NO.3 DUKE STREET, ST JAMES’S
In the summer of 1982, a rumor made the rounds of a small city in South Lebanon, which was under Israeli occupation at the time. It was said that a fighter pilot in the Israeli air force had been ordered to bomb a target on the outskirts of Saida, but knowing the building was a school, he refused to destroy it. Instead of carrying out his commanders’ orders, the pilot veered off course and dropped his bombs in the sea. It was said that he knew the school because he had been a student there, because his family had lived in the city for generations, because he was born into Saida’s Jewish community before it disappeared.
As a boy, Akram Zaatari grew up hearing ever more elaborate versions of this story, for his father had been the director of the school for twenty years. In many ways, the Israeli invasion of Lebanon had been the backdrop to his education as an artist, as he began documenting the world around him by photographing explosions and recording the sounds of fighter jets. Decades later, during a public conversation with the Israeli filmmaker Avi Mograbi, Zaatari retold the pilot’s story in his own words, turning it into a fable and perhaps a truthful fiction. Then, after the transcript of the talk was published in a book, Zaatari discovered it wasn’t a rumor. The pilot was real.
Born and raised on a kibbutz, Hagai Tamir had never set foot in South Lebanon, but like Zaatari he had studied architecture, and he knew a schoolhouse (or hospital) when he saw one. His refusal to bomb the building had remained a secret, known only among small circles, for twenty years, until the day came when he found it useful to speak. That was ten years ago in Israel. Now, across a border still defined by a state of war, Zaatari has picked up the other side of an impossible correspondence.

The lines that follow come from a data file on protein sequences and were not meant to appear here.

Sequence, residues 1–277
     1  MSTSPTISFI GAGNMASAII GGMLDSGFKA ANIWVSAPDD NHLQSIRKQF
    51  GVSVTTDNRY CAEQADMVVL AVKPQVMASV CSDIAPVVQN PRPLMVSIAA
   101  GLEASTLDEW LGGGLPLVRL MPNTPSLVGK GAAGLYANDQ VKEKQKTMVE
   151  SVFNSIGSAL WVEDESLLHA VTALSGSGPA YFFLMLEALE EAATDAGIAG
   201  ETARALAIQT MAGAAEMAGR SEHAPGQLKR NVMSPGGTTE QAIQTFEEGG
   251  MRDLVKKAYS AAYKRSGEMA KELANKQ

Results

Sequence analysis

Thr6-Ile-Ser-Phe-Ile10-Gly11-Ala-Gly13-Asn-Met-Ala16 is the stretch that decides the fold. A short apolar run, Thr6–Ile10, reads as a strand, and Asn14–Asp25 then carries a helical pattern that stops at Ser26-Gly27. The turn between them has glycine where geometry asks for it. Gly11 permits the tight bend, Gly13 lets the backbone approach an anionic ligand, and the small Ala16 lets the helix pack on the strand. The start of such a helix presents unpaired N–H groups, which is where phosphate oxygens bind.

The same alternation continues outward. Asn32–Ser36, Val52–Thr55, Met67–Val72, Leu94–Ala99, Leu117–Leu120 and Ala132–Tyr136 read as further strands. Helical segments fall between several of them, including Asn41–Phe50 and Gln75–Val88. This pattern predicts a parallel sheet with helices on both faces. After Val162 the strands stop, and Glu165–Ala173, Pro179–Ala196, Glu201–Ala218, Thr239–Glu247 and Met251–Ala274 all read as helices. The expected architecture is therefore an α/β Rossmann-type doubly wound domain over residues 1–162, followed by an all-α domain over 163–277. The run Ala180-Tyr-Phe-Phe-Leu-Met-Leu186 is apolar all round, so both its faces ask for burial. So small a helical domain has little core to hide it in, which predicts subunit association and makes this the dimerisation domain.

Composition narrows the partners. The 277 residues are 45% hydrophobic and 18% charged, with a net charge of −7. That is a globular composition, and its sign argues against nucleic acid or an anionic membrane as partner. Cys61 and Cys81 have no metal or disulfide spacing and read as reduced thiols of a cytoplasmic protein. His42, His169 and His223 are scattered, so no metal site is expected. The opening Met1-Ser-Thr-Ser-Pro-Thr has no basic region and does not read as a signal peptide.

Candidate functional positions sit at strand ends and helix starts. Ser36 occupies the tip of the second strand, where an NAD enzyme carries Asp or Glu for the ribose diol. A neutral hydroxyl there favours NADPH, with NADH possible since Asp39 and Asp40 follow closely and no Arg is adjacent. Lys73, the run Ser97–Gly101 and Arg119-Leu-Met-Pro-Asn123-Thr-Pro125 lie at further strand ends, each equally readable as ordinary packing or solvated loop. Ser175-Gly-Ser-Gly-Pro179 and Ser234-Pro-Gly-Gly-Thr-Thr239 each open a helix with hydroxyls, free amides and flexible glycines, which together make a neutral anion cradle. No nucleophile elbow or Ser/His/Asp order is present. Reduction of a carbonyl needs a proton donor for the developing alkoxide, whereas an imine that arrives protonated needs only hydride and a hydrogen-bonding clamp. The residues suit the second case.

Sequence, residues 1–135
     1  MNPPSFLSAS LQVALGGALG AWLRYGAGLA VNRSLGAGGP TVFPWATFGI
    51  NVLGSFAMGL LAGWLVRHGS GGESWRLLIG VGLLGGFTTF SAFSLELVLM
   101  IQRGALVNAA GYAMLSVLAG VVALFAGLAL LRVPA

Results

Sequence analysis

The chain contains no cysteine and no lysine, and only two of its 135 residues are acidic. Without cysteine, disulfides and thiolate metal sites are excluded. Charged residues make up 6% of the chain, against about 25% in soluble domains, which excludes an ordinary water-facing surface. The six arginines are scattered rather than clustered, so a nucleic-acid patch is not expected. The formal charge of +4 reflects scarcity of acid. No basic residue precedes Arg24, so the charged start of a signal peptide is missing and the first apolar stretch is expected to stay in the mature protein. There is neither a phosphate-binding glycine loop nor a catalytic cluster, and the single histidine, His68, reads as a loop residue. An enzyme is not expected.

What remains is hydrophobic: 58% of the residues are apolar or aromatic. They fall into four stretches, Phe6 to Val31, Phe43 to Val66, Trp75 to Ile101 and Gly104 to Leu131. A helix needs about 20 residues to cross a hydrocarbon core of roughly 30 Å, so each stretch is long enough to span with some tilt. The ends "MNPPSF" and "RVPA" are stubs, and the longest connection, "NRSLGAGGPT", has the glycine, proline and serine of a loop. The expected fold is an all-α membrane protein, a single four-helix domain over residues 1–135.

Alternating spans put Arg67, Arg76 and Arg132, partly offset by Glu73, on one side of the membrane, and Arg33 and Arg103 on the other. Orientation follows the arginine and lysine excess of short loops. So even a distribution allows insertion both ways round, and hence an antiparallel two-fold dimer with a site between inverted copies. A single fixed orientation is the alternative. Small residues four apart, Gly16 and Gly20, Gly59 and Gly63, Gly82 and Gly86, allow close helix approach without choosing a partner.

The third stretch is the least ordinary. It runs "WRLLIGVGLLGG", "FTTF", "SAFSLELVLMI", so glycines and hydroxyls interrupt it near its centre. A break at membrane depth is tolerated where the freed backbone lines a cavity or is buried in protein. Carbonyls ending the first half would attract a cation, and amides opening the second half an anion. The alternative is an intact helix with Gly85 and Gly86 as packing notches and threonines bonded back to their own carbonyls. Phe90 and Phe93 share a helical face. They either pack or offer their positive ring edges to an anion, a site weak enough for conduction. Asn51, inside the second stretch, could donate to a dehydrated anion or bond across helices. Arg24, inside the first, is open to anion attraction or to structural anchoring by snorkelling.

Letter to a Refusing Pilot reflects on the many complexities, ambiguities and consequences of refusal as a decisive and generative act. Taking as its title a nod to Albert Camus’ four-part epistolary essay “Letters to a German Friend,” the work not only extends Zaatari’s interest in excavated narratives and the circulation of images in times of war, it also raises crucial questions about national representation and perpetual crisis by reviving Camus’s plea: “I should like to be able to love my country and still love justice.”
Three years after his first exhibition at Thomas Dane Gallery, Akram Zaatari is presenting Letter to a Refusing Pilot, 2013 in the UK for the first time, since its first release at the Serralves Museum, Porto and Kunsthaus Zürich.
Akram Zaatari (born 1966 in Lebanon, lives and works in Beirut) has produced more than forty videos, a dozen books, and countless installations of photographic material, all pursuing a range of interconnected themes, subjects, and practices related to excavation, political resistance, the lives of former militants, the legacy of an exhausted left, intimacies among men, the circulation of images in times of war, and the play of tenses inherent to various letters that have been lost, found, buried, discovered, or otherwise delayed in reaching their destinations. Zaatari has played a critical role in developing the formal, intellectual, and institutional infrastructure of Beirut’s contemporary art scene. He was one of a handful of young artists who emerged from the delirious but short-lived era of experimentation in Lebanon’s television industry, which was radically reorganized after the country’s civil war. As a co-founder of the Arab Image Foundation, a groundbreaking, artist- driven organization devoted to the research and study of photography in the region, he has made invaluable and uncompromising contributions to the wider discourse on preservation and archival practice. Zaatari’s work has been featured at Documenta13 in 2012 and at the Venice Bienniale in 2013.
Courtesy the artist and Thomas Dane Gallery, London.